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Batuhan Osman Taşkaya
Batuhan Osman Taşkaya

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Inspecting python with Inspector Tiger

Working with multiple developers on a big codebase can cause consistency problems. These consistency problems generally handled during code-reviews by a person or linters. But in some specific cases, built-in handlers that come with linter isn't sufficient enough. It is where the inspector tiger idea born.

Inspector Tiger is a code review framework and a linter. It comes with a series of built-in handlers (like finding yield statements that can be replaced with yield from). But the real aim is using its framework side, developing codebase-specific plugins. It is what we are going to build through this tutorial.

class Foo(SomeObjects):
    def bar(self, x=[], y: Union[int, None] = None):
        for _ in range(3):
                super(bla, bla).foo_baz()
            except Exception:
                print("An exception")
            except AttributeError:
                print("An attribute error")
[Inspector Tiger] INFO - InspectorTiger inspected 🔎 and found these problems;
[Inspector Tiger] INFO -
  - ../     => DEFAULT_MUTABLE_ARG
  - ../    => OPTIONAL
  - ../    => SUPER_ARGS

How it works

Like most of the linting tools, it is a static analyzer. It parses your code without executing it and generates a syntax tree from it. For this process, we use CPython's ast module. After the AST generation, the plugins are loaded into the Inspector. Heart of Inspector Tiger. Every plugin offers Inspector a series of handlers. A handler is a simple function that registers itself to a specific AST node. When that node comes in, Inspector will invoke that handler and get a True or False value according to the handler's concept.

Let's Start

We are going to implement PEP 601 (which is applied to PEP 8 after rejection). It is about forbidding return, break and continue statements within a finally suite where they would break out of the finally.

Plugins in Inspector Tiger are python packages (not modules). For starting we need a python package layout (with

$ tree
├── pep601
│   ├──
│   └──
from setuptools import setup, find_packages


We generally name our plugins with inspectortiger- prefix, that is just an optional standard.

Before Writing the handler

Developing handlers requires an underlying understanding of AST nodes. If you aren't familiar with AST, you should check out Green Tree Snakes. It is "the missing Python AST docs".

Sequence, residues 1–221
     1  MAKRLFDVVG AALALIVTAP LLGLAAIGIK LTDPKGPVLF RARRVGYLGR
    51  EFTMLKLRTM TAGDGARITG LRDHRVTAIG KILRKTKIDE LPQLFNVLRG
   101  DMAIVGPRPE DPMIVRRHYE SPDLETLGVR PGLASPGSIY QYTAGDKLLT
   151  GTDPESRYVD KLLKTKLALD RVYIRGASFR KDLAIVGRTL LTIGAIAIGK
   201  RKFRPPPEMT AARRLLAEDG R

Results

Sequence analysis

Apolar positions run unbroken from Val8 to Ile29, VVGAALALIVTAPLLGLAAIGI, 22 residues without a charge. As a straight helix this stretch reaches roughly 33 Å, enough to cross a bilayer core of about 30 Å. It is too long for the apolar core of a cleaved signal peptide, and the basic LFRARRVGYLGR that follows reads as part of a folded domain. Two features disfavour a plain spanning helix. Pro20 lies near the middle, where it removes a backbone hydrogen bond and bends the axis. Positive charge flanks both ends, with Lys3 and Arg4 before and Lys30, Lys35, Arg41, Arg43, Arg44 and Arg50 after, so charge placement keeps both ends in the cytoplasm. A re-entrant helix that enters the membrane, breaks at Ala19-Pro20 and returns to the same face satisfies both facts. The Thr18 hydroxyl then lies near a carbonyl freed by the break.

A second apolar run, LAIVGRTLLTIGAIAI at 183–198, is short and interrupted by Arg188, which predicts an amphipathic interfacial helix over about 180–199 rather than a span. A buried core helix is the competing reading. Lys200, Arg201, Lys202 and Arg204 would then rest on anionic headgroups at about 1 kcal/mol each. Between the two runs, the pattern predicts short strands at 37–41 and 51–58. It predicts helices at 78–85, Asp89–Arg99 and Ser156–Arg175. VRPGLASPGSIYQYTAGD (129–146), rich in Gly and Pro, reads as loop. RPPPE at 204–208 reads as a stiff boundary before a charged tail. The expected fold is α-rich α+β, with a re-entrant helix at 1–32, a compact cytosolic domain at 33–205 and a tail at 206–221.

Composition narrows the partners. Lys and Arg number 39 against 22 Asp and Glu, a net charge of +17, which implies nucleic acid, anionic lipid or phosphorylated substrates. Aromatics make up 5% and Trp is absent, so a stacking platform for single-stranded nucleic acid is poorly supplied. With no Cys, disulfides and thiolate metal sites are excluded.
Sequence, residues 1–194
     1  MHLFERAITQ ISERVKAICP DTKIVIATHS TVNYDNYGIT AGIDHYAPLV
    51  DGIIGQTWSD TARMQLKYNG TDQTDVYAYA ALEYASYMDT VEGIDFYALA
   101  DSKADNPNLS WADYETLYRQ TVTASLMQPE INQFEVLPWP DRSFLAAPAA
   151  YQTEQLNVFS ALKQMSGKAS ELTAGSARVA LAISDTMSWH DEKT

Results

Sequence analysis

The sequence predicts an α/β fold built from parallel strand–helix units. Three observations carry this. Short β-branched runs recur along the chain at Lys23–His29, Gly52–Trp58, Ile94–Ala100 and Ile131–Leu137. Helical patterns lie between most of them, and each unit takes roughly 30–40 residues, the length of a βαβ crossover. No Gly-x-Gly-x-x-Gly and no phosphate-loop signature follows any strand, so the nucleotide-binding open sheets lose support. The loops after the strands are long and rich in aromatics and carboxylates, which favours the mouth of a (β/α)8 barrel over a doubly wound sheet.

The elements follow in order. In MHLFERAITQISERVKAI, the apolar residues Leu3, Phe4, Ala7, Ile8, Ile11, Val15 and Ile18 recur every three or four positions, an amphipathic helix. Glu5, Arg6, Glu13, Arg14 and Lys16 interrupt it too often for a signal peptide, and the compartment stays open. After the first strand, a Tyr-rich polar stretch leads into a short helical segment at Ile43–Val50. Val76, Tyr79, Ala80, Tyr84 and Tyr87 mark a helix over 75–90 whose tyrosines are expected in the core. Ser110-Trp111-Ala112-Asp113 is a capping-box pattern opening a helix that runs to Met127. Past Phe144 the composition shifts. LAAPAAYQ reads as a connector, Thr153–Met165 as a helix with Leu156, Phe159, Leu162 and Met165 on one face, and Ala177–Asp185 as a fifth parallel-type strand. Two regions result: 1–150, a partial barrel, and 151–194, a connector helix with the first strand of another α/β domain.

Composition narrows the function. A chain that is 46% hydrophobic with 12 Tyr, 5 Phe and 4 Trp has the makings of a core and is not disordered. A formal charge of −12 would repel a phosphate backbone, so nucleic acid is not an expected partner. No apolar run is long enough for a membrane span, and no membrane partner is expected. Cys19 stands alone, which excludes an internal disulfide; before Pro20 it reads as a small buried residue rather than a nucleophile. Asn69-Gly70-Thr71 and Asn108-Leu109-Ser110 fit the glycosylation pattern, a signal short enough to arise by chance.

The handler itself

We'll start writing our extension by registering our handler to an AST node. Whenever a try/except/finally/else statement comes in, Inspector will invoke our handler with an ast.Try node and a reference to an internal database where handlers can share information between them. By the way, choose your function name carefully, it is going to be used as an error code.

def control_flow_inside_finally(node, db):

Next thing we are going to do is examining what is a ast.Try node look like and proceed.

>>> import ast
>>> code = """
def foo():
>>> tree = ast.parse(code)
>>> try_stmt = tree.body[0].body[0]

After getting the try statement from the function body, we are going to dump it. If you are not using python3.9 or higher I suggest you check out astpretty.

>>> print(ast.dump(try_stmt, indent=4))
                func=Name(id='foo', ctx=Load()),

As it is seen, try nodes has a finalbody field that contains the body of finally statements. Lets iterate over that finalbody and find occurrences of return/break/continue

    for subnode in node.finalbody:
        for child in ast.walk(subnode):

The next step is deciding if a child is a control flow statement and if that statement will break out of the finally. The second part is important because you can write a function inside of finally and that could contain a return which wouldn't break out of the finally.

def invalid():

def valid():
        def foo():

For finding such things, we need to know which context a node belongs to. Luckily Inspector Tiger comes with a built-in context management plugin. Lets try that out by creating a control for if the child node is a return statement and the context of child node is same with context of our try/finally statement.

            if isinstance(child, ast.Return) and get_context(
                child, db
            ) is get_context(node, db):
                return True

And if that is the case, we'll return something that is not falsy. The second check is if the child is a continue or break statement and it doesn't inside of another for loop. This example can give you a better understanding of which case is valid which case isn't

def invalid():
    for _ in baz:

def valid():
    for _ in baz:
            for _ in bar:

For doing such a check we need to traverse our node's parents to the finally and check if there is any another for loop. And luckily again we have a plugin for traversing parents. parentize offers a utility named parent_to. It will yield every parent from child node to the given parent node. If there are no occurrences of a for loop between the continue/break and our try statement we can say that statement will break out of the finally.

            elif isinstance(child, (ast.Break, ast.Continue)) and not any(
                isinstance(parent, ast.For)
                for parent in parent_to(child, node)
                return True

And that was it, we're done.


The last thing is setting up an .inspector.rc on your home directory and specifying your plugin.

    "plugins": {
        "pep601": ["pep601"],
        "package": ["module_that_contains_handlers"]

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